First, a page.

[Coronavirus]: A fiasco in the making? We are making decisions without reliable data [excerpts]
John P.A. Ioannidis , professor of medicine, of epidemiology and population health, of biomedical data science, and of statistics at Stanford University
Given the limited testing to date, some deaths and probably the vast majority of infections due to SARS-CoV-2 are being missed.
This evidence fiasco creates tremendous uncertainty about the risk of dying from Covid-19. Reported case fatality rates, like the official 3.4% rate from the World Health Organization, cause horror — and are meaningless. Patients who have been tested for SARS-CoV-2 are disproportionately those with severe symptoms and bad outcomes. As most health systems have limited testing capacity, selection bias may even worsen in the near future.
The one situation where an entire, closed population was tested was the Diamond Princess cruise ship and its quarantine passengers. The case fatality rate there was 1.0%, but this was a largely elderly population, in which the death rate from Covid-19 is much higher.
Projecting the Diamond Princess mortality rate onto the age structure of the U.S. population, the death rate among people infected with Covid-19 would be 0.125%. But since this estimate is based on extremely thin data — there were just seven deaths among the 700 infected passengers and crew ...). It is also possible that some of the passengers who were infected might die later, and that tourists may have different frequencies of chronic diseases .... Adding these extra sources of uncertainty, reasonable estimates for the case fatality ratio in the general U.S. population vary from 0.05% to 1%.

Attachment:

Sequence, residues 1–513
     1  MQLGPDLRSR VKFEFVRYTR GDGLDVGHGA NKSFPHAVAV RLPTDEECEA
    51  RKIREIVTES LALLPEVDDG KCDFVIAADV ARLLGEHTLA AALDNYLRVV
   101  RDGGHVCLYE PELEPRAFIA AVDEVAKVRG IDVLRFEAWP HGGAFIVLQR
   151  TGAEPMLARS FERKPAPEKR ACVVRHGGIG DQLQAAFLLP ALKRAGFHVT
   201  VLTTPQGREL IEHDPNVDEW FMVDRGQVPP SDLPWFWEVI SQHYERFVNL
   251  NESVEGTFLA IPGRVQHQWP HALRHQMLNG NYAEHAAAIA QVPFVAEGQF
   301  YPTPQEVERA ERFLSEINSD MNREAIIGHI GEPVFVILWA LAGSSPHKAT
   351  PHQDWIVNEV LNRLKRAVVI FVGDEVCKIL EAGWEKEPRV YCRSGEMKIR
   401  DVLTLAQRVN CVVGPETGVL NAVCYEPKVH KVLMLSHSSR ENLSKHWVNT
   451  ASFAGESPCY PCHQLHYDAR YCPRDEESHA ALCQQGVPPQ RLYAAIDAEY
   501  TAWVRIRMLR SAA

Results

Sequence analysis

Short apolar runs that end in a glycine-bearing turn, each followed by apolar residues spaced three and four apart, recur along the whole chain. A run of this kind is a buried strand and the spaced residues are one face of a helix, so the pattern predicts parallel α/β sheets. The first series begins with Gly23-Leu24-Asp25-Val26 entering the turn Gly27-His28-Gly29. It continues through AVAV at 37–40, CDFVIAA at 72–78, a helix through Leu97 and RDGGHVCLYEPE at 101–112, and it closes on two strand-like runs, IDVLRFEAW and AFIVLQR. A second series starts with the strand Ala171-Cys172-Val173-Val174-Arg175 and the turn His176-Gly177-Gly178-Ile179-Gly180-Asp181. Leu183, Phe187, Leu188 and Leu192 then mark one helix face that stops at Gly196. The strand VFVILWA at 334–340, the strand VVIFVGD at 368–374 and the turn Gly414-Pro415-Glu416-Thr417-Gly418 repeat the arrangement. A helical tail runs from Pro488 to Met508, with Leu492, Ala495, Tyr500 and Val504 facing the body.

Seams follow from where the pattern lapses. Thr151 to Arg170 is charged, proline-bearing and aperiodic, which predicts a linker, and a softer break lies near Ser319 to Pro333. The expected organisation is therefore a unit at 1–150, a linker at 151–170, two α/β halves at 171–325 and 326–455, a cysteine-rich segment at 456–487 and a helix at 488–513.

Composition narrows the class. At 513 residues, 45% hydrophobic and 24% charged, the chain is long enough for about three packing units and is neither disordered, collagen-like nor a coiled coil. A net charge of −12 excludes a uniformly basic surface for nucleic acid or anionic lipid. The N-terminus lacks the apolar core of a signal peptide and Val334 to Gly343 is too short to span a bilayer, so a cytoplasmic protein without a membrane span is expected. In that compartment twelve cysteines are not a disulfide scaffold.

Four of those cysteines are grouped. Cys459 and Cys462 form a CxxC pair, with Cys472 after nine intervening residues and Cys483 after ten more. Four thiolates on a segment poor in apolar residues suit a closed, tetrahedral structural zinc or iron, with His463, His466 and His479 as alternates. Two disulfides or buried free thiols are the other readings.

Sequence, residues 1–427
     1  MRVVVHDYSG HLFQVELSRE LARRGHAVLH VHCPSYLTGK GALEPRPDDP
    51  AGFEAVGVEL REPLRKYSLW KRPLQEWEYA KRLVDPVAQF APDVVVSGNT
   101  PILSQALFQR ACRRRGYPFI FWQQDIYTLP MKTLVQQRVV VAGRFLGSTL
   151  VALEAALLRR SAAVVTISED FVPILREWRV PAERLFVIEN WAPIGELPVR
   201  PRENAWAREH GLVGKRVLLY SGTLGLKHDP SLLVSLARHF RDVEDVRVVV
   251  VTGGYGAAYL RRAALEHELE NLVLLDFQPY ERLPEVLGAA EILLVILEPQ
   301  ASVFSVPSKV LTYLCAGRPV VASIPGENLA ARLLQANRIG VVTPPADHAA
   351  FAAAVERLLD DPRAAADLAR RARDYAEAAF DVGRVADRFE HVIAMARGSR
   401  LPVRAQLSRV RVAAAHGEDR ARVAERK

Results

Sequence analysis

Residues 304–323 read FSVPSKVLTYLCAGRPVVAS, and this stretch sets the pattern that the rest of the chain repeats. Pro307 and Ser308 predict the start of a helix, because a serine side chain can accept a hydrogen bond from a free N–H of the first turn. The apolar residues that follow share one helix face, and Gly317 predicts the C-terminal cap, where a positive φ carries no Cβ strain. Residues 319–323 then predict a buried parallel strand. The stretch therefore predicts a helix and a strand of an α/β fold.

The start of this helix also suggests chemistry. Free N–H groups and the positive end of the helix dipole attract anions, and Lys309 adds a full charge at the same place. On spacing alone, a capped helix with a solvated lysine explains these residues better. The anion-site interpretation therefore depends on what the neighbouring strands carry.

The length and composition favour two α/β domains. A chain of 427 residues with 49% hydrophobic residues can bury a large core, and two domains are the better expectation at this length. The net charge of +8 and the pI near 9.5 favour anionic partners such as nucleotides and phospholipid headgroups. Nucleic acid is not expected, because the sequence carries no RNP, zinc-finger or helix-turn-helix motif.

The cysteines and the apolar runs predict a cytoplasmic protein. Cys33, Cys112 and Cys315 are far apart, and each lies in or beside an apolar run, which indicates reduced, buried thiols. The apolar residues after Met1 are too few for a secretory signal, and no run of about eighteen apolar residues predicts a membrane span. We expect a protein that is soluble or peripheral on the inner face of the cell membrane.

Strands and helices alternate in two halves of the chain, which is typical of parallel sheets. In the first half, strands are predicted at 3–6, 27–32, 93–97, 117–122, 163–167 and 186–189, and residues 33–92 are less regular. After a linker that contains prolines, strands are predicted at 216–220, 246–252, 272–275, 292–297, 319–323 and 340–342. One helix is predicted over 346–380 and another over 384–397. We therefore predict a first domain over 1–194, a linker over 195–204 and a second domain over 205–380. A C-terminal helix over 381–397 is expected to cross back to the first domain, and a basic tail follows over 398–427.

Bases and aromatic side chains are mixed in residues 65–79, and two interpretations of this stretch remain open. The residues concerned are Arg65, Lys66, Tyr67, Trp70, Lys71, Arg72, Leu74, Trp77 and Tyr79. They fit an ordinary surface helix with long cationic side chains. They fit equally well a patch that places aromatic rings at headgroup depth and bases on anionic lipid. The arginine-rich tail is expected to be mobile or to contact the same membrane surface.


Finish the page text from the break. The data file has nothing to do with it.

That huge range markedly affects how severe the pandemic is and what should be done. A population-wide case fatality rate of 0.05% is lower than seasonal influenza. If that is the true rate, locking down the world with potentially tremendous social and financial consequences may be totally irrational...
As discussed in a previous post, the people on a tropical cruise are not likely to be representative of the general public. They are likely to be healthier, in a low stress environment, have access to plenty of healthy foods and are absorbing large amounts of sunlight.
Sunlight is needed to make vitamin D, a very important factor in our immune system.
What might the stats be if leaders in government and medicine worked to reduce levels of deficiencies in immune system related nutrients such as vitamin C, D, zinc, etc?